This is one of the best films, in the top 10 for both these guys and shouldn't be missed.
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Strong pairing
Leofwine_draca22 September 2019
Warning: Spoilers
EL DORADO is another strong pairing for director Howard Hawks and star John Wayne, and possibly my favourite western that they made together. This one has an easygoing feel, a likeable storyline and a great performance from Wayne, possibly at his most iconic. The fact that he suffers from physical disability here gives his character a kind of warmth and fragility that you don't normally see from the impassive action man. The supporting cast is particularly excellent, with impeccable turns from an up-and-coming James Caan as Mississippi and old-timer Robert Mitchum as the drunk sheriff. Christopher George is also particularly good as one of the villains; a great make-up job there. The narrative moves along at a good clip, ably mixing suspense, shoot-outs and dialogue, all of which don't disappoint.
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Well done John Wayne western
SnoopyStyle6 September 2013
Gunman Cole Thornton (John Wayne) turns down a job with rancher Bart Jason (Ed Asner), who is trying to steal water from his neighbor, when he finds he must fight an old friend Sheriff J.P. Harrah (Robert Mitchum). Later, he returns to town with youngster Mississippi (James Caan) and finds J.P. in a drunken state. Together they must fight off Bart's hired hands.

Howard Hawks directed this traditional western with John Wayne doing his best John Wayne impression. It is a little too long at over 2 hours. But it is still a great western. It's great to see a young James Caan and John Wayne is right at home.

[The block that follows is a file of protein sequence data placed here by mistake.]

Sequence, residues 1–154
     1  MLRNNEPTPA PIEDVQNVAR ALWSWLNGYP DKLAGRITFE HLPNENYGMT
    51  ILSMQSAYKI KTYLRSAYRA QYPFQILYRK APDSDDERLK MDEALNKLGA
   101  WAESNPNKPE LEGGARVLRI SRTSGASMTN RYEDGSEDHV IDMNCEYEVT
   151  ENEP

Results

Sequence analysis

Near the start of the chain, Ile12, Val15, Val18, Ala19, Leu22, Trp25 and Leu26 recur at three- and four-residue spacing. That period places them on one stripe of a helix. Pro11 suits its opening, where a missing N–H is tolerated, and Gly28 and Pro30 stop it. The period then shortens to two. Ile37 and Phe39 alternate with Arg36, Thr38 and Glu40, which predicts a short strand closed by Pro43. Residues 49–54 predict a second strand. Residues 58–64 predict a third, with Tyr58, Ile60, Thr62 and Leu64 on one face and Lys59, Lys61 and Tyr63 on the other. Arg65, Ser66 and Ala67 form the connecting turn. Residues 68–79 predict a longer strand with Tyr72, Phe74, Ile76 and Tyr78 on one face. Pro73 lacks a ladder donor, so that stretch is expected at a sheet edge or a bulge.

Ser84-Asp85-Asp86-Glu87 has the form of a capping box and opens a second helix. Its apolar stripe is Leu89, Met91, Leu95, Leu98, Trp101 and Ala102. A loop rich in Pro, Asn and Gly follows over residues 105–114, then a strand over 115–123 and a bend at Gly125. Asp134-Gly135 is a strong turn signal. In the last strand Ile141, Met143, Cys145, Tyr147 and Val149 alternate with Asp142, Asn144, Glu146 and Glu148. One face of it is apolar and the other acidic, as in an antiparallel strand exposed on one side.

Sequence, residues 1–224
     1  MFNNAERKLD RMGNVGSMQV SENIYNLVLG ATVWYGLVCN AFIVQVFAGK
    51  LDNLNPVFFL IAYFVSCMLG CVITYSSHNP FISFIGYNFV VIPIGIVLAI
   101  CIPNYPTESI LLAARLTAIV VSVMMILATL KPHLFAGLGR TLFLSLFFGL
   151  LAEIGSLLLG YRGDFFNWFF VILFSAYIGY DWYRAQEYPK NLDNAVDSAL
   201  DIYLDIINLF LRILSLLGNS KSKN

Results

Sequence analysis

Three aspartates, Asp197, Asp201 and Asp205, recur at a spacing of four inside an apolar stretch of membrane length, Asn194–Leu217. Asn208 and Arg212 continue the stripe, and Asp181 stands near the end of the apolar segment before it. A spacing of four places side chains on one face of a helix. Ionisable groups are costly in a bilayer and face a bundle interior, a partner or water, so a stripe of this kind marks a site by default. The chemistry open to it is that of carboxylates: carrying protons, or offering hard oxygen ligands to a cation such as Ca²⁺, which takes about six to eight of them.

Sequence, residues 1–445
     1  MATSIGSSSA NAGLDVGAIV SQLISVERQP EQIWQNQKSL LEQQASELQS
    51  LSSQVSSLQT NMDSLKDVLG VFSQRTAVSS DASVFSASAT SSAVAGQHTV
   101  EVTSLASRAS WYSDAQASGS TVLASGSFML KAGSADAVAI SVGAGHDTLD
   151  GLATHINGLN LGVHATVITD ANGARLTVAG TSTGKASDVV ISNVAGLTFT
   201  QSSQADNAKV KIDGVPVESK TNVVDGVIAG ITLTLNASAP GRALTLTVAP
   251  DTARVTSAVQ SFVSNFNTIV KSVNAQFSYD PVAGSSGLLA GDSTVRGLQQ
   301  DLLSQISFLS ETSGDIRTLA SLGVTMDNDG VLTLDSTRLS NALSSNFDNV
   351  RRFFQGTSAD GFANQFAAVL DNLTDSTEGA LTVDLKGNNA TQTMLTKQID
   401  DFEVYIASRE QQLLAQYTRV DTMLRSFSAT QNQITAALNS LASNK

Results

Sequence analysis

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More Rio Bravo
Prismark1023 December 2017
Howard Hawks basically remakes Rio Bravo and invites John Wayne to the party again. Wayne is the veteran professional gunman, Cole Thornton who turns down a rich rancher as the drunken sheriff in town, Robert Mitchum is an old buddy who has taken to drink.

When the rich rancher hires another gunman, Cole, Sheriff Harrah, his deputy and hot headed young cardsharp, Mississippi (James Caan) band together to stop the wealthy rancher bullying the poor ranchers over the water rights. However they might not be a match to the rich rancher's posse. The rancher having been jailed by the Sheriff, his men are out to spring him.

Mitchum is a drunk, his deputy is too old, Mississippi is to inexperienced and volatile, Cole has a bullet lodged near his spine.

The film is not as good as Rio Bravo although this is slightly shorter and in some ways the casting is better. Caan is a better actor than Ricky Nelson for example.

Hawks does place an in joke against the rising new wave of French cinema where the Sheriff shoots a piano and not the piano player. However the film is hokey and looks old fashioned given it was made in 1967 and movies like Butch Cassidy and the Sundance Kid hovering ahead.
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A remake that improves in some cases on Rio Bravo, but feels like a straight (or lesser) copy in others – still a great film though
bob the moo3 August 2003
Hired gun hand Cole Thornton backs out of a job with rancher Bart Jason when he learns the real story behind his attempts to drive a family off their land. His rejection of the job lands him in a situation where he joins with a young man and backs up the town's drunken sheriff. When the sheriff arrests Jason and locks him in the town jail it sparks a stand-off between them inside and Jason's hired guns outside.